There is also a real issue with the loss of experience. A friend and former Metropolitan Police colleague of mine, Alan Wright, has compiled a graph depicting what this will look like for Sussex Police. It is reproduced here.

Length of service, Sussex Police, 2012 v 2019

What this starkly shows is that Sussex Police has lost considerable experience in that key period of police service between one and 10 years and especially between five and 10 years. This, I would suggest, will have a considerable impact on policing in our county. I am still awaiting a response from the PCC regarding what she and the Force are doing to address this issue.

Finally, I wish to cover the issue of PCSO recruitment in Sussex.  Much has been made of the recruitment of an additional 100 PCSOs in Sussex by the PCC. The history of PCSOs goes back to around 2003 when funding from the then Labour government, led to a national mass recruitment of PCSOs (Police Community Support Officers).

However, as with many things, once the funding dried up, forces started to reduce their numbers radically. These individuals do not have the full powers of a police constable including the fact that they cannot make arrests. Additionally, their shift patterns mean that they do not work past midnight. The initial salaries are actually slightly higher than a newly appointed police officer. Therefore, you may rightly be asking yourself why recruit them instead of police officers?

Indeed, Kent Police are not recruiting any additional PCSOs, focusing instead on bringing in more police officers. On the face of it, it seems a good idea for Katy Bourne to recruit an additional and reassuring uniformed presence on the streets of Sussex. However, this will not deal with the major shortfall of fully warranted police officers being available to respond to calls from the public for assistance. That is the reality!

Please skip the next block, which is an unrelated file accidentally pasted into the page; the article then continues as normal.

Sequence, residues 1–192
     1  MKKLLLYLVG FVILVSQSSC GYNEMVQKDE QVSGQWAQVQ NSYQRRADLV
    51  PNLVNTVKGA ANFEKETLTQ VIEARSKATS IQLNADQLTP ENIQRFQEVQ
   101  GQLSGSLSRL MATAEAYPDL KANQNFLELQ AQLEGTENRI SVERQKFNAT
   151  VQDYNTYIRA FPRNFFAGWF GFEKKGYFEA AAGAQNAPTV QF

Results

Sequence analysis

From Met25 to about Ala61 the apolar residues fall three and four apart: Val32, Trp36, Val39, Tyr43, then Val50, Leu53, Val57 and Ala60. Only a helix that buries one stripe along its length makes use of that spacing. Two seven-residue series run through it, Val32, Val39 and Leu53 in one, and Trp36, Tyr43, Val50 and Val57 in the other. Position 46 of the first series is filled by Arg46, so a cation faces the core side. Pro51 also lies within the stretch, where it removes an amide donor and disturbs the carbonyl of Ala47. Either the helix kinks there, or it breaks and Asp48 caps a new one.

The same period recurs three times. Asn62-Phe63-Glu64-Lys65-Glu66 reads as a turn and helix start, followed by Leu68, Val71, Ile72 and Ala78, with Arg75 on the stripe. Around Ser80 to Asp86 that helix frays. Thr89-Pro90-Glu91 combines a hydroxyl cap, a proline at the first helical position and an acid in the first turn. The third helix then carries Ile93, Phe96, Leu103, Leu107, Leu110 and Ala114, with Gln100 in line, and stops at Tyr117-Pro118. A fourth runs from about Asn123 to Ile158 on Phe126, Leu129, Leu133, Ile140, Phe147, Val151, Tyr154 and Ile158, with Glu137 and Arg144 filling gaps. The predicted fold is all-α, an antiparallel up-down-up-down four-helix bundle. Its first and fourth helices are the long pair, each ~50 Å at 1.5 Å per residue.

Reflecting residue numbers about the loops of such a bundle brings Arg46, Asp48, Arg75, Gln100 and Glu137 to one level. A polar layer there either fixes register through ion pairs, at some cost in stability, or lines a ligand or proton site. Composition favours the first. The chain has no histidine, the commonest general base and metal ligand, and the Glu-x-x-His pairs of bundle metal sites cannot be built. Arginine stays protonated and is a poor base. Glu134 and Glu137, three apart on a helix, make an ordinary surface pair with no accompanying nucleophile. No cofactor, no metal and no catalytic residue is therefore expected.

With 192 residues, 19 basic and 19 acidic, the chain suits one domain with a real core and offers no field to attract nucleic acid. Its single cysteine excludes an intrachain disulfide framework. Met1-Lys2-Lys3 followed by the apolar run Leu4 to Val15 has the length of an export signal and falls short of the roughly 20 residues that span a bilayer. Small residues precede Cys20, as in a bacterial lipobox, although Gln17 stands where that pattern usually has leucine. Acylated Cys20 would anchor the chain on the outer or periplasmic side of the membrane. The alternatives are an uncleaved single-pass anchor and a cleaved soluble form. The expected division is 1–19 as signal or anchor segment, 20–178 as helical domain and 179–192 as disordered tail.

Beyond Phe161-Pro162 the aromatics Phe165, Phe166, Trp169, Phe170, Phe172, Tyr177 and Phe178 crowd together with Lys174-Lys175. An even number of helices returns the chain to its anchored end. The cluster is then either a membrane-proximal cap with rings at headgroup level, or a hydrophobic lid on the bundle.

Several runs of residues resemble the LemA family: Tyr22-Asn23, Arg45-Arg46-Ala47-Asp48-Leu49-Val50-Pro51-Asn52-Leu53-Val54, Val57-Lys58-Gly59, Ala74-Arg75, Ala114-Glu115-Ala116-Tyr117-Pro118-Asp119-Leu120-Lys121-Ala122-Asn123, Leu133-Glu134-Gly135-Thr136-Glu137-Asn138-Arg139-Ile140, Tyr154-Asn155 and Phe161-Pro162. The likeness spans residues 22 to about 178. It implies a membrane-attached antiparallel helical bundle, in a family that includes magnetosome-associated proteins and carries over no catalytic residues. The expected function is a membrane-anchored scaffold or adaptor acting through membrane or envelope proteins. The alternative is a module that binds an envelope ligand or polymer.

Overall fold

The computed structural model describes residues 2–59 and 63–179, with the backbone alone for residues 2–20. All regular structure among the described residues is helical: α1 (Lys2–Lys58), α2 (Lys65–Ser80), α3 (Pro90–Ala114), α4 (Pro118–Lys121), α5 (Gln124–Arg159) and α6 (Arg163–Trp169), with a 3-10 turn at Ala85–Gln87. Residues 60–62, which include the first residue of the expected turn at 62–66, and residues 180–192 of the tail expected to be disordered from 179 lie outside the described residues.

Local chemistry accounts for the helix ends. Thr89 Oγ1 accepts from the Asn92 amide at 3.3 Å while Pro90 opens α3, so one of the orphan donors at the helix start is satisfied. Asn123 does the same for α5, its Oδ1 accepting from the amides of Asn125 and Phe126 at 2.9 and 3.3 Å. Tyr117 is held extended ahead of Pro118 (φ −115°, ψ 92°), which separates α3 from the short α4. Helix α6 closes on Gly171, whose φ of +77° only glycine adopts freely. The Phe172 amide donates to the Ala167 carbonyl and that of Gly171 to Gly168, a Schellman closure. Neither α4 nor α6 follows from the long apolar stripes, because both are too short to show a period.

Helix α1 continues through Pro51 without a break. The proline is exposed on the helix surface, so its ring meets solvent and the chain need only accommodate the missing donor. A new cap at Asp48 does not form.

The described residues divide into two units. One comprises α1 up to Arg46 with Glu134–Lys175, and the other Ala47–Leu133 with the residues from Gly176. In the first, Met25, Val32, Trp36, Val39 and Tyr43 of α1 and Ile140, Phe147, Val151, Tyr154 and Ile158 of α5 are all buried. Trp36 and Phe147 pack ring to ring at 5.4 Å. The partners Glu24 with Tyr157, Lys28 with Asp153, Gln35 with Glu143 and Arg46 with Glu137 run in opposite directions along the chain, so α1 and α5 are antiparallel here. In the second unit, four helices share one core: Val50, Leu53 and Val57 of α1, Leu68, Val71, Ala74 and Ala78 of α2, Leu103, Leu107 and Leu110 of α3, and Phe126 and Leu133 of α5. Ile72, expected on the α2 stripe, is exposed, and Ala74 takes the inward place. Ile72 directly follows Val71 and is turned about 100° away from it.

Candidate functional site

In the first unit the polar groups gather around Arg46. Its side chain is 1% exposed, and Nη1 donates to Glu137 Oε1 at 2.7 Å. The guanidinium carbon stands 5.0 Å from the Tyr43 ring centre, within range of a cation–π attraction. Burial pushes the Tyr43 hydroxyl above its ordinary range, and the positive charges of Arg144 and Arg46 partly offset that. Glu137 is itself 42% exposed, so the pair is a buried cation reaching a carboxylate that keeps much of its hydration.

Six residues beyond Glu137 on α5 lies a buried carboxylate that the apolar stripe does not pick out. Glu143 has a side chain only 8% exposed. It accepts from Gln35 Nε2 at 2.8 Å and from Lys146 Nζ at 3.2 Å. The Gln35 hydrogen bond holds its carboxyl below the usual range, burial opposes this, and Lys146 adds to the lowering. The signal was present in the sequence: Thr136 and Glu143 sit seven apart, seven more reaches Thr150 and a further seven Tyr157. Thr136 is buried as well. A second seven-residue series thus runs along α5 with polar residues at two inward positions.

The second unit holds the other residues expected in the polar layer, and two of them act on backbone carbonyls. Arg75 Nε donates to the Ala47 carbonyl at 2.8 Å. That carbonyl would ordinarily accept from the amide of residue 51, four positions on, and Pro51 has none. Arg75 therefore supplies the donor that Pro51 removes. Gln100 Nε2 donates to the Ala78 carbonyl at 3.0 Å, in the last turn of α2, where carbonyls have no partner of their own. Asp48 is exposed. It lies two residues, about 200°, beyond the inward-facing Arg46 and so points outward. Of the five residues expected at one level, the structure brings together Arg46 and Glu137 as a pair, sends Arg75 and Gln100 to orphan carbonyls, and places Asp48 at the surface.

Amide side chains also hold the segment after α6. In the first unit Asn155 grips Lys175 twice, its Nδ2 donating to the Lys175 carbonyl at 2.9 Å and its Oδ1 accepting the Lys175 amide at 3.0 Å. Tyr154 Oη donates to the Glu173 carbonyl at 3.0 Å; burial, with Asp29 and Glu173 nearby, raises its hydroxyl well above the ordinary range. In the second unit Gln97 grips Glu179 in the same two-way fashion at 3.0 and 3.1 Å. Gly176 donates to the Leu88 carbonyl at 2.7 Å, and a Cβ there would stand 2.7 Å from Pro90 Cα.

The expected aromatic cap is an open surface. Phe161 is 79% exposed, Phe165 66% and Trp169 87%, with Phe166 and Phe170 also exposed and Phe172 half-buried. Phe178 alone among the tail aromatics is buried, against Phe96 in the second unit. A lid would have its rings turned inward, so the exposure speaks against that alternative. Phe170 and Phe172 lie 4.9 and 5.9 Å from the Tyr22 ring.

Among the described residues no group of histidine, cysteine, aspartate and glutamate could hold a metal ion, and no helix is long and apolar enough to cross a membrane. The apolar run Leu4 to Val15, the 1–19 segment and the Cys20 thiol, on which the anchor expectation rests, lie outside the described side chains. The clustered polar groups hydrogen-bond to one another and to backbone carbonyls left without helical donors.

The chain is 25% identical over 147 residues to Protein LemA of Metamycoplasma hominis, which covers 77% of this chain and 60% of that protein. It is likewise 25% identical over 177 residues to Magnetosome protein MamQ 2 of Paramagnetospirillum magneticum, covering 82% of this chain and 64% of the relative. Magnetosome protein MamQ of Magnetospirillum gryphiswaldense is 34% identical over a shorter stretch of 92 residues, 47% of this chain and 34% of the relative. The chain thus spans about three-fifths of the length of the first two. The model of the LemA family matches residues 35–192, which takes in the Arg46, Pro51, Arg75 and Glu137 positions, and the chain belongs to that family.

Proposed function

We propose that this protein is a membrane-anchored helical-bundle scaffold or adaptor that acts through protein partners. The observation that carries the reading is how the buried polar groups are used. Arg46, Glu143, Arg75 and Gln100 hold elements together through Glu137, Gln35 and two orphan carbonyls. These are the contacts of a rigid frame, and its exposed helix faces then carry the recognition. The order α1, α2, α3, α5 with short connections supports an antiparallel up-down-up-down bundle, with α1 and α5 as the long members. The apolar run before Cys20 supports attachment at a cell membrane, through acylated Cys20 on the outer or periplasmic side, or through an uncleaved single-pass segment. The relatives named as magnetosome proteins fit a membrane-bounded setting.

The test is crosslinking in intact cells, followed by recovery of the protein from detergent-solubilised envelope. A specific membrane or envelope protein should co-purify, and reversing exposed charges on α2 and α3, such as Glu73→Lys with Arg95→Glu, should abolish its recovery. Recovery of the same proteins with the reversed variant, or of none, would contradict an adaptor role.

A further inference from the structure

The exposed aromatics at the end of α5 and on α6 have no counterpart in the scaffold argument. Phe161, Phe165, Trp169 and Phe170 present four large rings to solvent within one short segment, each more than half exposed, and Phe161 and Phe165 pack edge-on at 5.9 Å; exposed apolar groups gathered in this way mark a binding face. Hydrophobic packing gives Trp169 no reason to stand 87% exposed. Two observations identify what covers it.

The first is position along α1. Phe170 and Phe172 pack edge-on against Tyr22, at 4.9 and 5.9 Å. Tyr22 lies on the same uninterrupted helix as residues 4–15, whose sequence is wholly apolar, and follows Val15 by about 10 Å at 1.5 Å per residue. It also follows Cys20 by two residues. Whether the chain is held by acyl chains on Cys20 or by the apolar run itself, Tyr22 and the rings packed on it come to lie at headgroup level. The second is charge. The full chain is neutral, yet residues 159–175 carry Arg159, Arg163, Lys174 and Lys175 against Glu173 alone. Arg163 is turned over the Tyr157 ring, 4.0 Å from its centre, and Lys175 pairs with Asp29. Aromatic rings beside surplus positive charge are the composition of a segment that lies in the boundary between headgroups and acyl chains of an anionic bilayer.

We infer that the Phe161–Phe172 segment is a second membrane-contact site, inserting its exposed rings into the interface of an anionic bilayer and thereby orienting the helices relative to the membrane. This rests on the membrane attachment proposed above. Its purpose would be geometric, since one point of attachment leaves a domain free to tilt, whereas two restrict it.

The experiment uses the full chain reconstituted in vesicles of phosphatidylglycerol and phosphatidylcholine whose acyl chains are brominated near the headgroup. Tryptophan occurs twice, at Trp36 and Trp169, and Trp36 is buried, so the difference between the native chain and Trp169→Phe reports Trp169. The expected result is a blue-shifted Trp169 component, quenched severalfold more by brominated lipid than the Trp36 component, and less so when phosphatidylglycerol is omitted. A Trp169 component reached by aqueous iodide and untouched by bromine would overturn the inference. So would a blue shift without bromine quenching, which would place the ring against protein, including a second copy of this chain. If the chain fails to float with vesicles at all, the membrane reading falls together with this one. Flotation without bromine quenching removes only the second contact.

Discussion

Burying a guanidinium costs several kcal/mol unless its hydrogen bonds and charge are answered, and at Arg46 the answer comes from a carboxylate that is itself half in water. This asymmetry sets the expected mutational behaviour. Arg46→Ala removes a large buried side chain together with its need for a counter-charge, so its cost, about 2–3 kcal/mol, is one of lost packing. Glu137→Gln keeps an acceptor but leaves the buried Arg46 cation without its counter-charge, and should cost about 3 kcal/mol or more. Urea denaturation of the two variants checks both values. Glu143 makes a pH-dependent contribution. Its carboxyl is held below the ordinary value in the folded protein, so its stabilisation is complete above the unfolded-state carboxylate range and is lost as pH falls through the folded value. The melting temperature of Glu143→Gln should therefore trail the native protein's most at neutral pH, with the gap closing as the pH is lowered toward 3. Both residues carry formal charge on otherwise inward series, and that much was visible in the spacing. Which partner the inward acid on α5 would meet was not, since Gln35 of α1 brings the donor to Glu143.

The police get involved

Katy Bourne claims that you, the public, have told her in her “focus groups” that she holds, that extra PCSOs is what you want to see. However, attendees at these focus groups are by invitation only and the agenda is very restricted. Her surveys are similarly flawed and involve very small samples. Therefore, is this assertion accurate?

There is, I believe, a more significant reason for this focus on PCSO recruitment. At the time that she was first elected in 2012, her mantra was to have a Special Constable aligned to every ward in Sussex. This failed as she could not achieve a high enough recruitment rate.

Therefore, I believe, she is substituting PCSOs instead. Party political? I think so don’t you?! I urge you all to bear these facts in mind when you listen to or read Mrs Bourne’s propaganda and form your own opinions.

Image Credits: David McHugh , Anthony Kimber , Alan Wright , John Minter .